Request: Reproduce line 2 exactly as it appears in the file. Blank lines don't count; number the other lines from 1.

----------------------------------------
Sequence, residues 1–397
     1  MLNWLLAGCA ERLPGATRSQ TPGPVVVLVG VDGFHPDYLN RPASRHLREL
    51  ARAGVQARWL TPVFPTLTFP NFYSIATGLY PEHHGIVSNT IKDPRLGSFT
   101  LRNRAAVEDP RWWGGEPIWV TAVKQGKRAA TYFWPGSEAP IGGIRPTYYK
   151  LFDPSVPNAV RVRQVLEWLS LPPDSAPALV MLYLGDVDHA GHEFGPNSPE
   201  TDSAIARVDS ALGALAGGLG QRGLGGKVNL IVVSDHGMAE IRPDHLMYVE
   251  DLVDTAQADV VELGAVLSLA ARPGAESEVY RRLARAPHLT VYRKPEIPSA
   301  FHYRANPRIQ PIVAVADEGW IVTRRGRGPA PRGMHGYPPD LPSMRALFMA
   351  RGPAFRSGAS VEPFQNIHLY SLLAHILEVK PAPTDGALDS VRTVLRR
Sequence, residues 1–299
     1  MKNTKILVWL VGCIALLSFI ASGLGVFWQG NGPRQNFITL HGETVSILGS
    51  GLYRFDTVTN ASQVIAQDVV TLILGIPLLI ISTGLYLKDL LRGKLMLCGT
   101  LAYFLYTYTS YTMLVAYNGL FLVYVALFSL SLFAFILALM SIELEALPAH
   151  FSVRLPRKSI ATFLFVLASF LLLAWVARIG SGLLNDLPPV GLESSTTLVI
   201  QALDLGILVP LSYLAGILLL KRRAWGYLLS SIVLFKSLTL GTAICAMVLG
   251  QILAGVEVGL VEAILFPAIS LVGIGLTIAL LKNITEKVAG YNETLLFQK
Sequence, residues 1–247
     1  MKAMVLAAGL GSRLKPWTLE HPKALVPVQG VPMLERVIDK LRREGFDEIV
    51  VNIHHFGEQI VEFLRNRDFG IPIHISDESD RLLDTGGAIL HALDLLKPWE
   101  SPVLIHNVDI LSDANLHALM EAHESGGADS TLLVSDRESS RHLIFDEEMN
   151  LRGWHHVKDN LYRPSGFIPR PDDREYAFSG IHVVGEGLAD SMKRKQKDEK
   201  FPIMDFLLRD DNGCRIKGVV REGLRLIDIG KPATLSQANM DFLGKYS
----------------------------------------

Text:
     1  MLNWLLAGCA ERLPGATRSQ TPGPVVVLVG VDGFHPDYLN RPASRHLREL